Myanmar to consider 'naturalised citizenship' for Rohingya Muslims


Rohingya Muslims who fled Myanmar to neighbouring Bangladesh after a brutal military crackdown might be able to apply for citizenship if they return to the country, a top Myanmar official said on Sunday.

Myanmar's permanent foreign secretary, U Myint Thu, was leading a 10-member delegation to Bangladesh for talks on the repatriation of Rohingya, many of whom remain in Bangladeshi refugee camps.

Addressing a news conference after visiting Rohingya camps in Bangladesh's south-eastern beach town of Cox's Bazar, Thu said that Rohingya may be entitled to apply for the category of "naturalised citizen" in his country.

"We are trying to explain to them (Rohingya Muslims) what the possibilities of citizenship are," the delegation chief told reporters after a series of meetings with the Rohingya.

Myanmar stripped Rohingya Muslims of their citizenship in 1982 after passing a new citizenship law that labelled them "illegal immigrants from Bangladesh."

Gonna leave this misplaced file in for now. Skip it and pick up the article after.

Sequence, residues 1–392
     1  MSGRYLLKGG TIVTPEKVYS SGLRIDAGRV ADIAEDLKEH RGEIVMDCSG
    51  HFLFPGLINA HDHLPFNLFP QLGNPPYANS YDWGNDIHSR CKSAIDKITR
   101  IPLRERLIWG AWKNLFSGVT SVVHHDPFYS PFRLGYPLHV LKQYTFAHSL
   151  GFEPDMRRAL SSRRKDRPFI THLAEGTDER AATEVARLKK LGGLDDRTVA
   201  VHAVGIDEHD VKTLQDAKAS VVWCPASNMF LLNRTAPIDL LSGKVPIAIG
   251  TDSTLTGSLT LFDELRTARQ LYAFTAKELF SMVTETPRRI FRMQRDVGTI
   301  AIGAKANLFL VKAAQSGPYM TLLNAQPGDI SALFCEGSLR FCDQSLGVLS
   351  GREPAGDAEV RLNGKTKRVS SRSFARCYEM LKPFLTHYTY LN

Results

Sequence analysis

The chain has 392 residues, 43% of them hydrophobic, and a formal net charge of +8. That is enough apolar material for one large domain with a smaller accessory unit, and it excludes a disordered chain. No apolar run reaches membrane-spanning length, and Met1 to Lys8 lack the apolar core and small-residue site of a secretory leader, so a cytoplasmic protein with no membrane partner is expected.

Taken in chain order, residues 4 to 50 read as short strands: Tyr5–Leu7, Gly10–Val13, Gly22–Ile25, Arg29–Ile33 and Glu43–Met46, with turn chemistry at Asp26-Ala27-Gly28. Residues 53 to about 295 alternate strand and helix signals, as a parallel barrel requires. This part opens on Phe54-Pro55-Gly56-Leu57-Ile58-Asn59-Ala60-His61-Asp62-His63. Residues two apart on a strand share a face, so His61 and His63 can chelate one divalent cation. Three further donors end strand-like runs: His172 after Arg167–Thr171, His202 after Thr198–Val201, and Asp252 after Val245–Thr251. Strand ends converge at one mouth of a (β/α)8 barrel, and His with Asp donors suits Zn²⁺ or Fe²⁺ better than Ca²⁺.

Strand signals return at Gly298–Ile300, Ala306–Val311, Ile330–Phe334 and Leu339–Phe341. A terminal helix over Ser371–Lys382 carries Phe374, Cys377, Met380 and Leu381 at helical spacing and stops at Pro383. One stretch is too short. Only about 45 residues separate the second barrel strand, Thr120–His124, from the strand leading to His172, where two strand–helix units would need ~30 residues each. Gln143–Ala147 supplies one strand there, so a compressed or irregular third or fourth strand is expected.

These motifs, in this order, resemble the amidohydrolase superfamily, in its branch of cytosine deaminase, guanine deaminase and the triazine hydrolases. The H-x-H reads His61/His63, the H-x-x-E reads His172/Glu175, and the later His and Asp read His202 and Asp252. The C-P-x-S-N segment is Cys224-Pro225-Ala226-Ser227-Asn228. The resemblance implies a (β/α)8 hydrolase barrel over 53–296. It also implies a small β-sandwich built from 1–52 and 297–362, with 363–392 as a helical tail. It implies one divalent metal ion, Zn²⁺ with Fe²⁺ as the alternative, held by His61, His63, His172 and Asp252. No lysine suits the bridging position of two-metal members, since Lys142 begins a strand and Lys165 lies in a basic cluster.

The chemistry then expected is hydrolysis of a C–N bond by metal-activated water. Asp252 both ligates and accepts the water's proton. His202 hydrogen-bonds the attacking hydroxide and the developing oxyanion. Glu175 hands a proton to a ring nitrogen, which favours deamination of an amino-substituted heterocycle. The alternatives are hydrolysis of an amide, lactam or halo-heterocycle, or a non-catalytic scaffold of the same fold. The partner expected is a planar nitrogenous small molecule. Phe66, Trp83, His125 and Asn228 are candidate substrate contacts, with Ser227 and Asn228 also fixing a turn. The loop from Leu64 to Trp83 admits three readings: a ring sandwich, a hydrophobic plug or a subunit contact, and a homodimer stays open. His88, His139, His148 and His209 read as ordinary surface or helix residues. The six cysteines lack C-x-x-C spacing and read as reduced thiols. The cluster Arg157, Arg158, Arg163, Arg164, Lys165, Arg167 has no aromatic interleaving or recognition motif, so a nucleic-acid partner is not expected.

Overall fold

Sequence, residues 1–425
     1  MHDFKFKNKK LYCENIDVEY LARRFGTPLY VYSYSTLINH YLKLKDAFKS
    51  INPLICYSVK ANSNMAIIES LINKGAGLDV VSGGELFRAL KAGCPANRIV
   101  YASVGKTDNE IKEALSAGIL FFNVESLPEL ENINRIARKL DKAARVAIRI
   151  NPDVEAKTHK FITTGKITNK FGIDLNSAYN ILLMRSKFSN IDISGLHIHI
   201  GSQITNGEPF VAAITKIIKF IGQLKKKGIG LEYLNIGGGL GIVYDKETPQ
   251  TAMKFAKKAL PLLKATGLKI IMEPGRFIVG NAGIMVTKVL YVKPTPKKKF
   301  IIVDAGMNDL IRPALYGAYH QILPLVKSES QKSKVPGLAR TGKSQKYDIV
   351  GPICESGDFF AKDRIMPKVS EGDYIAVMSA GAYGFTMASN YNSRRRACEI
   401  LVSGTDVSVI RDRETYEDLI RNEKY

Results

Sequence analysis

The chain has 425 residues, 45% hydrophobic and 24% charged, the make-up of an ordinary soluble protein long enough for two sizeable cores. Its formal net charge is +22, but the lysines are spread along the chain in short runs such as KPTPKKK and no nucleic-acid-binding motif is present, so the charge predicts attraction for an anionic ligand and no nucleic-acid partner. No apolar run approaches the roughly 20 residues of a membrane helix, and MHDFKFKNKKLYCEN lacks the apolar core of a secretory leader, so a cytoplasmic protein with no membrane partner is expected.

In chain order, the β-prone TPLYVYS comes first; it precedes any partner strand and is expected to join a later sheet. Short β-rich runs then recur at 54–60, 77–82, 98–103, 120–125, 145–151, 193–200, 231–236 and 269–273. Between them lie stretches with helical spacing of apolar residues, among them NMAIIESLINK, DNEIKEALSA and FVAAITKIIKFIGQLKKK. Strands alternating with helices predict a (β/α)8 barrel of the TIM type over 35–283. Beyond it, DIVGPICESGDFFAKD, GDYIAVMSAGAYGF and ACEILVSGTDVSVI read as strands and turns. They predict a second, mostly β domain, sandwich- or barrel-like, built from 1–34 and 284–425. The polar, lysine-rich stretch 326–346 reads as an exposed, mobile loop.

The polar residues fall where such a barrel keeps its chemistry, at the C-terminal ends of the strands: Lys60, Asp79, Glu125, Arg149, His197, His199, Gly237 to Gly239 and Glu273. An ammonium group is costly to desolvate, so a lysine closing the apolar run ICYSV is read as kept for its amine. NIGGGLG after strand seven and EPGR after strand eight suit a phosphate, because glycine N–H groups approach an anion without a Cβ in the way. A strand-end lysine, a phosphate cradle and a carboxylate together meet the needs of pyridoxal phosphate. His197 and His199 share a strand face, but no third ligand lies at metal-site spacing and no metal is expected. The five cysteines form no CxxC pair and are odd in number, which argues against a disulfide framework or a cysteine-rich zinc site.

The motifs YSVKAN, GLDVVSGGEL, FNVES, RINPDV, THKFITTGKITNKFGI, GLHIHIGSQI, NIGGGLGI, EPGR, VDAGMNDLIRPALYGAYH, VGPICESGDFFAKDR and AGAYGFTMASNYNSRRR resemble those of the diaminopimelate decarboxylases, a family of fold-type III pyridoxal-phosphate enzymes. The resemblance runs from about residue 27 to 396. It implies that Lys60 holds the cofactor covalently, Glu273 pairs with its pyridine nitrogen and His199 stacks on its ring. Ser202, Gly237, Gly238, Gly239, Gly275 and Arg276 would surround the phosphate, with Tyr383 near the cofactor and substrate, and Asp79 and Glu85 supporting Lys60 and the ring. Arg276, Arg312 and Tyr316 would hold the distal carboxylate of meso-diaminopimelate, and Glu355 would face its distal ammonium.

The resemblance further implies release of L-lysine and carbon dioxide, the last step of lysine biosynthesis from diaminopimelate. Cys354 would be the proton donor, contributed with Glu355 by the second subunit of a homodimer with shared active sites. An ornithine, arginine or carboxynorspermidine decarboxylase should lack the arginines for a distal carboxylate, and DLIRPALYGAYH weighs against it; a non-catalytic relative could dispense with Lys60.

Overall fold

Thu said that, according to the law, they may not be entitled to full-fledged citizenship, but could seek "naturalised citizenship" instead, while their children could be entitled to full citizenship.

The two Asian countries signed an agreement in November 2017 for the voluntary return of refugees, but the repatriation process has stalled.

Bangladesh has blamed Myanmar's reluctance to take them back, while many Rohingya fear they will face persecution if they are not considered citizens of Myanmar.

Nearly 750,000 Rohingya Muslims crossed into Bangladesh during the military crackdown in Buddhist-majority Myanmar in August 2017. The UN and other human rights groups have accused Myanmar's government of ethnic cleansing and genocide.    (dpa)

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